Tell us: Where do you fall on each of these issues?

11
Feb
14

Goodbye e-learning

TechStockPhotoAs a former journalist, I love data. And trend data are even better.

So when I came across “Association Learning + Technology 2014,” a recent report by Jeff Cobb and Celisa Steele, founders of consulting firm Tagoras, imagine my delight!

Young or old, technology has redefined the way we learn and work. As 8-to-5 days at the office have slowly turned into 24-hour social media networking from the car and virtual meetings during the kids’ soccer practices, social media has filled in the gaps.

“The world of continuing education and professional development has changed dramatically in the past few years,” Cobb and Steele said.  “To meet member needs and stay out in front of the competition, you need to arm yourself with real data targeted to help you grow your programs.”

The 52-page Tagoras report provides such data, which were collected based upon a survey of 200 trade and professional associations. “Association Learning + Technology 2014” is designed to help association leaders strategize for a new learning landscape, while meeting their members’ needs for convenient and quick access to information.

There’s a goldmine of information in the report, which you can get for free if you subscribe to Tagoras’ free e-newsletter.

I’m sure the trends and data provided in the report will provide future blog fodder. But for starters, Cobb and Steele have abandoned the term e-learning and instead use the term technology-enabled or technology-enhanced learning.

Nearly all survey respondents – 88.7 percent – indicated they use some form of technology-enabled learning. The most popular form of such learning, according to the report: webinar.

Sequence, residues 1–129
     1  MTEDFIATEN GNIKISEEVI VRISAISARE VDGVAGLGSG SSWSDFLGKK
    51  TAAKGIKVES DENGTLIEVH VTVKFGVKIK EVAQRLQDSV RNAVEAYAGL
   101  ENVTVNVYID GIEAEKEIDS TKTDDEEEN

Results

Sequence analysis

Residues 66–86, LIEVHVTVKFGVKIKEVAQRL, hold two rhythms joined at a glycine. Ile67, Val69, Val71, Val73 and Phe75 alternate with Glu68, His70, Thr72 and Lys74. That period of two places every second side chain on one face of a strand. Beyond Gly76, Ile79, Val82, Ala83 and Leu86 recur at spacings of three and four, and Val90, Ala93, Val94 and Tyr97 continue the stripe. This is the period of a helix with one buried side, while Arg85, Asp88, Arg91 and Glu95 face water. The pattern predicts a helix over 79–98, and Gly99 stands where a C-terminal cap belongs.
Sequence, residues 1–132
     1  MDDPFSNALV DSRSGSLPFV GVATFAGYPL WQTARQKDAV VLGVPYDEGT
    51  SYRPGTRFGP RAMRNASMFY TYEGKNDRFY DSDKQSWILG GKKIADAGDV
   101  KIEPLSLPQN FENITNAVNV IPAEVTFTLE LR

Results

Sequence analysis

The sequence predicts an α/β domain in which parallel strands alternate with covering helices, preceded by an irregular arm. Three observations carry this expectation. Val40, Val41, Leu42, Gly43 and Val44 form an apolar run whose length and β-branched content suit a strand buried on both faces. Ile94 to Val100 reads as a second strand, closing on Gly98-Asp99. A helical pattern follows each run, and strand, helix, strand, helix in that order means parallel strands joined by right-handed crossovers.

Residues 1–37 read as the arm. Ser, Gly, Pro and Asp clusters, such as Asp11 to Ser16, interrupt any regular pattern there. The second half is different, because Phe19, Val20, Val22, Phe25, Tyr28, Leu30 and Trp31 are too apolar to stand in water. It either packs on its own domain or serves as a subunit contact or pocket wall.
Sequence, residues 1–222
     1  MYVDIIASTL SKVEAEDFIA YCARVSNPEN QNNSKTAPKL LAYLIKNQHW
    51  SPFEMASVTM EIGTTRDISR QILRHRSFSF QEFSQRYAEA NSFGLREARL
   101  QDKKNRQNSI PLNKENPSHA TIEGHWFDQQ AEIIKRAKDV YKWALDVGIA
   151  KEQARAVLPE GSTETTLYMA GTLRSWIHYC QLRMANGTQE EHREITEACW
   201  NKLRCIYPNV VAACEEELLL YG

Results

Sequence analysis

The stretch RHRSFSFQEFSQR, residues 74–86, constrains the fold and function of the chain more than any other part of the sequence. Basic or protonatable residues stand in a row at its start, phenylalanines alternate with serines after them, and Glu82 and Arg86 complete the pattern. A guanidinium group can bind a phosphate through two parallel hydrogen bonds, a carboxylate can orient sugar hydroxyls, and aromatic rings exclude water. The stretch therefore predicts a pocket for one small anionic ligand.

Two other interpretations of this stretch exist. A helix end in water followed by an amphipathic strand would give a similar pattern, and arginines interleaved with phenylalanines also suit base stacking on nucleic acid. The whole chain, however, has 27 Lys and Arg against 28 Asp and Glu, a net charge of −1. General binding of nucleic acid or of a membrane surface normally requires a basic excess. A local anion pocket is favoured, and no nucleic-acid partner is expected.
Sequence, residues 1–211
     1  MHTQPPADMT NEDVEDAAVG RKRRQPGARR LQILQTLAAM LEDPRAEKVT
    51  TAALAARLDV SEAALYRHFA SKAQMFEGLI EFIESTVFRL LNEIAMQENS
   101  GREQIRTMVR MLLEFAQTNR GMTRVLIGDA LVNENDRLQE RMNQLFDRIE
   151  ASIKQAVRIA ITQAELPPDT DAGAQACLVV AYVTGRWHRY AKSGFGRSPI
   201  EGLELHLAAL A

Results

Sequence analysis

As for social media, 33 percent of respondents reported using YouTube for learning programs, followed closely by Twitter (32 percent). Facebook was next, followed by LinkedIn. Nearly 37 percent of those surveyed indicated they have a mobile learning platform, and live streaming – rather than virtual conferences – seems to be an upcoming trend.

Another key takeaway: The majority of all respondents report technology has increased their revenue from educational offerings, but less than a quarter have a strategy in place to launch new learning platforms.

Cobb and Steel found organizations that consider themselves to be very successful:

  • Report increased net revenue from their education offerings as a result of their use of technology for learning.
  • Have a formal, documented strategy for their use of technology for learning.
  • Have formal, documented product development and pricing processes that cover their technology-enabled and technology-enhanced learning.
  • Offer facilitated online courses, gamified learning, virtual conferences and at least some mobile learning.